WIKIMEDIA, CDC, FREDERICK MURPHYThis past weekend marked the first time a patient in the U.S. has contracted the Ebola virus, which continues its rampage through West Africa. The US Centers for Disease Control and Prevention (CDC) confirmed the diagnosis on Sunday (October 12). The patient, a nurse at Texas Health Presbyterian Hospital in Dallas, is now reported to be in stable condition, Texas Health Resources chief clinical officer Dan Varga told CNN, and another person, a “close contact” of the nurse, has been placed in isolation.
The nurse, identified by the Houston Chronicle (Chron) as Nina Pham, is believed to have caught the virus during her multiple visits with Thomas Eric Duncan, the first US patient with Ebola who died last week. According to the Chron, Phame was one of about 70 health-care workers who helped treat Duncan, drawing his blood, intubating him, and cleaning up his bodily fluids. Pham apparently had “extensive contact” on “multiple occasions” with Duncan, CDC Director Tom Frieden said at a news conference Sunday. And despite having worn a protective gown, gloves, mask, and a shield, “at some point, there was a breach in protocol, and that breach in protocol resulted in this infection.”
The Dallas Fire Department has decontaminated Pham’s car and the public areas of her apartment complex, Mayor Mike Rawlings told CNN, while local police are limiting people’s access to the area and alerting neighbors to the news. “We have knocked on every door on that block,” Rawlings said. He added, however, that, unlike the first case of Ebola contraction in Spain, Pham’s dog would be saved. “The dog’s very important to the patient, and we want it to be safe,” Rawlings told USA Today.
Meanwhile, an Ebola scare in Boston appears to have been a false alarm, Reuters reported, though the patient will remain in isolation for now. The patient, who had recently been to Liberia, developed symptoms, including a headache and muscle aches, last week, forcing a brief shutdown of a Braintree medical center on Sunday, according to the New York Post. The patient was then taken in an ambulance to Beth Israel Deaconess Medical Center in Boston. “This patient does not appear to meet CDC criteria to be considered someone at high risk for Ebola and the likelihood of Ebola Virus Disease is extremely low,” the hospital told Reuters in an e-mail. The two patients who were quarantined in New York City’s Bellevue Hospital were also cleared of Ebola, according to NY Daily News.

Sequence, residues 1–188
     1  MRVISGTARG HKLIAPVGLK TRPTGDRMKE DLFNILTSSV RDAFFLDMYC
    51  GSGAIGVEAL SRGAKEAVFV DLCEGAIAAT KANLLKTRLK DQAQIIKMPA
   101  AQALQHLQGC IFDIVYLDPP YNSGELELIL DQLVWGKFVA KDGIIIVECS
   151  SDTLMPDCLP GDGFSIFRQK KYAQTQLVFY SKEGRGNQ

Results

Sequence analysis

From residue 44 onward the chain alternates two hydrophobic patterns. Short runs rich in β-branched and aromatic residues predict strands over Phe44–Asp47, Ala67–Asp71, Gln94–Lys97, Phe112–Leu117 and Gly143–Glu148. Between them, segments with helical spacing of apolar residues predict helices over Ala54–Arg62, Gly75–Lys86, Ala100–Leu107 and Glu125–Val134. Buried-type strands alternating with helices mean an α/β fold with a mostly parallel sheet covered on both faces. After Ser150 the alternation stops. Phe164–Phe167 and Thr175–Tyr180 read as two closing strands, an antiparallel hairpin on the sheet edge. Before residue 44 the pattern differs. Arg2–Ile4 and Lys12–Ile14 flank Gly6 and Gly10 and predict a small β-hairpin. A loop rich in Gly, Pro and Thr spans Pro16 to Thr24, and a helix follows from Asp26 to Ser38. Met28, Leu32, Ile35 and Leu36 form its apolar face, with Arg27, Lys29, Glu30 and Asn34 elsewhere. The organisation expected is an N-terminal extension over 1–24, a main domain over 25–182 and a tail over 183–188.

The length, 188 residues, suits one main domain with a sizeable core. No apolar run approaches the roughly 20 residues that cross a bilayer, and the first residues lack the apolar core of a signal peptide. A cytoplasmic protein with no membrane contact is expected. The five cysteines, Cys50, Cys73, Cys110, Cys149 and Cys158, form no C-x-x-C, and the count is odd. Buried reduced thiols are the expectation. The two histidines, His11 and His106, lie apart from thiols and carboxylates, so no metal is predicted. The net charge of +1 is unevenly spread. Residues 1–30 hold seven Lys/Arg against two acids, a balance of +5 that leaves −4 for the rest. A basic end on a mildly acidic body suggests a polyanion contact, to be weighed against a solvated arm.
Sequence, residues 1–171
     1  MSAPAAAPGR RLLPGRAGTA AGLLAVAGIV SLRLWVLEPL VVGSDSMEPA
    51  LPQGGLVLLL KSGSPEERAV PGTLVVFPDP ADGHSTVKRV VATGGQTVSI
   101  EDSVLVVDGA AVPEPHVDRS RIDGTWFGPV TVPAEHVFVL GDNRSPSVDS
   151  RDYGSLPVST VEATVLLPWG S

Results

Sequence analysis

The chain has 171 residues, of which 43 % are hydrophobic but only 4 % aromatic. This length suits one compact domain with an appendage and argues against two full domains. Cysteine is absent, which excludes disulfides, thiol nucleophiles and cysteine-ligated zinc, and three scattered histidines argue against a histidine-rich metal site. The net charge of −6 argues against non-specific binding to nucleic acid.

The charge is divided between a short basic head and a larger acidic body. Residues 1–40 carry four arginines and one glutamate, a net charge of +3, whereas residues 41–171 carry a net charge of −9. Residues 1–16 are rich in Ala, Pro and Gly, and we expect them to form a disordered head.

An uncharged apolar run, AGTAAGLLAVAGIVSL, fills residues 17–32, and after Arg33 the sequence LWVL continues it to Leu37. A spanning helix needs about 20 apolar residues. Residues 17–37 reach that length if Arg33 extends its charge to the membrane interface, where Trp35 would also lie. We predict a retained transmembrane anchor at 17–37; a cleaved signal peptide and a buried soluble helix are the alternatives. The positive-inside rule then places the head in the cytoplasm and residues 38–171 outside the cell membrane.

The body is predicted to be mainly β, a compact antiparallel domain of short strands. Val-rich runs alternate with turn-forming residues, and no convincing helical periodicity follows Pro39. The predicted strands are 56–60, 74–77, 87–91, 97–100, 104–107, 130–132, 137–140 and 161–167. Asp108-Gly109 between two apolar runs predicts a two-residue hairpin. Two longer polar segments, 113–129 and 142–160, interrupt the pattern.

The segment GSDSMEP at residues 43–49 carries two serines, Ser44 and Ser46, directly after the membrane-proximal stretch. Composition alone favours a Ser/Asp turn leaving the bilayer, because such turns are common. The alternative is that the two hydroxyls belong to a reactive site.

To prevent more Ebola cases from entering the country, the CDC and the Department of Homeland Security’s Customs & Border Protection have begun implementing a new screening strategy at the five US airports that receive the vast majority of passengers from Guinea, Liberia, and Sierra Leone, while monitoring is heightened at other airports as well. New York’s JFK has so far flagged 91 passengers as being at high risk for Ebola, NPR reported, but so far, none have had the virus. Similarly, five passengers with flu-like symptoms were yesterday escorted by emergency medical workers off a flight arriving at Boston’s Logan Airport from Dubai, Reuters reported. Fortunately, the chances that these people, none of whom had been to West Africa recently, actually have Ebola is “exceedingly low,” CDC spokeswoman Shelly Diaz told Reuters.